Bayern Munich and RB Leipzig go head-to-head in a Bundesliga title six-pointer on Sunday, but where will the clash between the champions and the pretenders to their throne be won and lost?
bundesliga.com trains its tactical lens on what promises to be a thrilling encounter at the Allianz Arena…
Watch: A closer look at the two coaches in question
1) Lewangoalski unbound without Konate Kryptonite
The two top scorers in the division will be on display on Sunday, Bayern goal-machine Robert Lewandowski leading the way on 22 goals with Leipzig's Timo Werner just two behind. They are the first two players since Franz Brungs and Johannes Lohr in 1967/68 to have cracked at least 20 goals after 20 league games.
Lewandowski has scored in each of his last three Bundesliga outings, however, whereas the turbo-charged Werner is enduring a drought - by his standards - of two games without a goal, and it is perhaps safer to assume that we will see Lewy punching the air ahead of his Leipzig counterpart at the Allianz…
…not least due to the fact that Ibrahima Konate is missing. In the three top-flight meetings Lewandowski had with Leipzig before Konate's arrival at the Red Bull Arena, the Pole scored four goals at a rate of one every 56 minutes. They have faced off for three 90-minute sessions in the league since, with Lewandowski's ratio dropping down to one every 270 minutes.
Leipzig are enduring something of a defensive injury crisis with captain Willi Orban missing and Dayot Upamecano playing through the pain barrier, but it is Konate's absence which the visitors are likely to feel most keenly, the young Frenchman's height, speed, bravery and decision-making having given Lewy a torrid time of it in recent seasons.
2) Werner's pace vs. Bayern's own makeshift defence
That's not to say that writing Werner off on Sunday would be wise. The Germany attacker has enjoyed a new lease of life under Julian Nagelsmann, playing in a slightly more withdrawn role than in recent seasons, dropping between the opposition's right-back and centre-back and wreaking havoc with his pace.
Bayern, meanwhile, have had to put together a patchwork defence of their own. With Lucas Hernandez and Niklas Süle long-term absentees, David Alaba has been reconstituted as an emergency central defender, with nominal left-winger Alphonso Davies dropping to his left. Of late, Jerome Boateng and Benjamin Pavard have been completing Hansi Flick's back four on the other side.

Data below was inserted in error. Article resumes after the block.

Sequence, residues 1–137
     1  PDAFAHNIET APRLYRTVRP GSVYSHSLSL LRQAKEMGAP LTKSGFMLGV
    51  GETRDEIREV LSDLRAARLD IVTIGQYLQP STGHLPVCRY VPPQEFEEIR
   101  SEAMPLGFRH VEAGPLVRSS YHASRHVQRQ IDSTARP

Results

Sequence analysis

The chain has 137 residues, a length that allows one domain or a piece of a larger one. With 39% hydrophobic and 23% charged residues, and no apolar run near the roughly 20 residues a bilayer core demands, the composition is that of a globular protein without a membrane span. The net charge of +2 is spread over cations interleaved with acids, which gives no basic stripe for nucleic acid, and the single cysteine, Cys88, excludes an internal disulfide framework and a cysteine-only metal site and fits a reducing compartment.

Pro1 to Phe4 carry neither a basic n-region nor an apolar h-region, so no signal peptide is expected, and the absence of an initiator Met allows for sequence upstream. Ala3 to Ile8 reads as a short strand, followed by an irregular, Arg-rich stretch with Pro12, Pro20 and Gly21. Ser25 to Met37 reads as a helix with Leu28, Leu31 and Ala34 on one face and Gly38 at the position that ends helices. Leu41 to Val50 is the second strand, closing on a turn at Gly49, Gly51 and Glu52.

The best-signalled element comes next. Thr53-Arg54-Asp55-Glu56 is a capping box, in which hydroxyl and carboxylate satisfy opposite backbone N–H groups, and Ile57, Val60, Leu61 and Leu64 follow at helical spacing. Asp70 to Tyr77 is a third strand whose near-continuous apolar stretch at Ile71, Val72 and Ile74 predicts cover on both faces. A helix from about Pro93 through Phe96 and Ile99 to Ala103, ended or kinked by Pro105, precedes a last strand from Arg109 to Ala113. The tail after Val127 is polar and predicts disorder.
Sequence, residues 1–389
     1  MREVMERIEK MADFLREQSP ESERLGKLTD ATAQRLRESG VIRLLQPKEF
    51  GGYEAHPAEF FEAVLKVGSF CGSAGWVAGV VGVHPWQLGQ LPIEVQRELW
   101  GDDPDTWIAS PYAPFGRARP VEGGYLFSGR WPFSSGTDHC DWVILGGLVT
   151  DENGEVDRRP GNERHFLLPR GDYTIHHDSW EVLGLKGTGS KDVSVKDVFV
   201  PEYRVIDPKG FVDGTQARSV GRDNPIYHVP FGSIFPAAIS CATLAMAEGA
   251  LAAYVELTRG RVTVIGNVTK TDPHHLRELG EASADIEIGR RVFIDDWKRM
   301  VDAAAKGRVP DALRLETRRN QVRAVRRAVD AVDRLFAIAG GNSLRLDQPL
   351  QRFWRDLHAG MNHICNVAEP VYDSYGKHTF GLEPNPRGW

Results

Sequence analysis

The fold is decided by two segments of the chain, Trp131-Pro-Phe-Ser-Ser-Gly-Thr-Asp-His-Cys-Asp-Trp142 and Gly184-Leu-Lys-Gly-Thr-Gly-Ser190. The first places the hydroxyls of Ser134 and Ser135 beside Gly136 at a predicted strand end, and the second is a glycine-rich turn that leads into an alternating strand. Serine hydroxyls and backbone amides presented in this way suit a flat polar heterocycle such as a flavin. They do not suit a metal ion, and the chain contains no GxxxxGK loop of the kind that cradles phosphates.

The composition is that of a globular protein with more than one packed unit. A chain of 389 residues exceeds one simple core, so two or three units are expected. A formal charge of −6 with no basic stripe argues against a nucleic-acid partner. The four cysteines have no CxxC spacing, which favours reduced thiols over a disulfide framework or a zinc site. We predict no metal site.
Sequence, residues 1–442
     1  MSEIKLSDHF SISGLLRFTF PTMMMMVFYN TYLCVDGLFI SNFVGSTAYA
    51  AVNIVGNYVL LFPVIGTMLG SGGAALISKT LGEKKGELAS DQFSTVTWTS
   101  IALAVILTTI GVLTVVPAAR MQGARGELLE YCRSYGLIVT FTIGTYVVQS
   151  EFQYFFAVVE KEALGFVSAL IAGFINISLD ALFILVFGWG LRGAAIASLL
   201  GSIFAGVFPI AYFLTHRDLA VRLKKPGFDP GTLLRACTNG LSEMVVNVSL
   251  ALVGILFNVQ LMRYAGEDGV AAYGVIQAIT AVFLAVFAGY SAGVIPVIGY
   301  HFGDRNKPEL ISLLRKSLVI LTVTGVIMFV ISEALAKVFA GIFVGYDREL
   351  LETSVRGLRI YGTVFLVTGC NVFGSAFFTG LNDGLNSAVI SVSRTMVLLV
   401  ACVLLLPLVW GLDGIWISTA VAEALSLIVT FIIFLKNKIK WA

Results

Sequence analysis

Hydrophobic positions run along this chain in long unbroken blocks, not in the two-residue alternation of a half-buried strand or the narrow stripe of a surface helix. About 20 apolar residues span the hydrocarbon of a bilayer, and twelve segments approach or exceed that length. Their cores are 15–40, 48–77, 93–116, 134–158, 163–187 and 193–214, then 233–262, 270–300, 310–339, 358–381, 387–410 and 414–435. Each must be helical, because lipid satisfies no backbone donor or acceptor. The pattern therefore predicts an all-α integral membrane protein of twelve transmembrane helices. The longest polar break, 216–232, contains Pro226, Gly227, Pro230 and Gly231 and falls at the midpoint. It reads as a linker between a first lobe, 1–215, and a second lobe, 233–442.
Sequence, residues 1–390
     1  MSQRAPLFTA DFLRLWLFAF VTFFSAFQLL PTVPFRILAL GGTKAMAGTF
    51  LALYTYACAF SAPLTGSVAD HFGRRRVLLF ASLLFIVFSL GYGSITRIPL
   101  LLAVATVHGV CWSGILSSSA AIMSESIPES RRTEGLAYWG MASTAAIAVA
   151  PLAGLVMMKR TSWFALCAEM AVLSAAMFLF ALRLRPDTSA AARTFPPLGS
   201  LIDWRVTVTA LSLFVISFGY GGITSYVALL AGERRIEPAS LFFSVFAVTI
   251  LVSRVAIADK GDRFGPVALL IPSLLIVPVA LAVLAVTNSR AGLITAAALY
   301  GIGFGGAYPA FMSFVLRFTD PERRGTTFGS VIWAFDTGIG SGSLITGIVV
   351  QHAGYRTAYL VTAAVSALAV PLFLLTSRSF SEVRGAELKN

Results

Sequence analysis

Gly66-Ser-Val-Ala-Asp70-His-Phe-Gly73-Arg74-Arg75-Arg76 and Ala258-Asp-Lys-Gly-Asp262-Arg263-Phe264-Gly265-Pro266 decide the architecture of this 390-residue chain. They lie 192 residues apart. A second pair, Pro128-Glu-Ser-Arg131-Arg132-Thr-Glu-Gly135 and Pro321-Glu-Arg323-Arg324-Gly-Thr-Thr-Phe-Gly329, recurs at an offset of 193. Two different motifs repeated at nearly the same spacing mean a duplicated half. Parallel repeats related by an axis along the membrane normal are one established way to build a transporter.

Yes, it has worked: Bayern have only conceded one league goal since the turn of the year lining up with Pavard-Boateng-Alaba-Davies from right to left, but the reduction in available players leaves Flick with little flexibility. The left-footed Davies is the player most capable of keeping up with Werner, but the chances of Flick inverting his full-backs to deal with the Leipzig attacker are slim to none.
Watch: How Werner has been getting his goals this season
3) Leipzig on the midfield merry-go-round?
That's assuming Leipzig can get the ball to Werner in the first place. Bayern have completed a league-best 89 per cent of their passes so far this season, and while Leipzig are not too far behind - fourth on 85 per cent - a closer look at their respective midfields suggest Bayern could find themselves in the ascendancy.
Some observers might prefer to see Joshua Kimmich restored to right-back, his shift into midfield reportedly driven by the player himself as much as the club. But he has done a stunning job in his new role, enjoying a league-high 1,885 touches, coming in at an average of 99 per game. Midfield colleague Thiago Alcantara is not too far behind, having had 1,340 touches at an almost identical rate. The pair have also completed 91 per cent of their passes. Only Borussia Dortmund's Axel Witsel, with 95 per cent, has fared better among Bundesliga midfielders in this regard.
Leipzig's highest scorer on both fronts was Diego Demme - 1,247 touches at a rate of 93 per game and a pass completion of 88 per cent - but the one-time Germany international was sold to Napoli over the winter break, and Kevin Kampl, their most stylistically similar player, is sidelined with an ankle injury.
Konrad Laimer and Tyler Adams are more than able replacements, but their combination of pace and power might be futile against Bayern's midfield magicians. Nobody can run faster than the ball can travel after all.
4) Bayern frailty to Leipzig set pieces?
With Lewandowski, Thiago and Alaba all likely to start, Bayern will have three of the deadliest free-kick takers in the division in their ranks, or so you might think. With Bayern likely to dominate possession, Leipzig might have to depend on set plays, and the stats would seem to suggest that Nagelsmann's side actually have an advantage here.
Leipzig have scored a league-high 12 goals from set pieces this season, 10 more than Bayern have managed this term. The champions may not be conceding many, but the last goal Manuel Neuer had to pick out of his net was a Jerry St. Juste header from a corner in the 3-1 win last Saturday, while memories of Ramy Bensebaini's headed equaliser the last time Bayern played a title six-pointer - ultimately losing 2-1 to Borussia Mönchengladbach in December - remain fresh.
Watch: Highlights of Bayern's 3-1 win over Mainz
Alaba has been one of the best left-backs in the world for years, and his ability to orchestrate from the middle, coaching Davies on the fly, has been impressive. But as multi-talented as Alaba is, he remains 5'9"-tall, and a Leipzig ball into the box for Patrik Schick or perhaps Yussuf Poulsen - both comfortably clear of 6' - could spell trouble for the hosts.
Leipzig have never won in Munich, and Bayern remain the betting favourites, but both teams have keys to victory on Sunday. Who will unlock the game first will be fascinating to watch.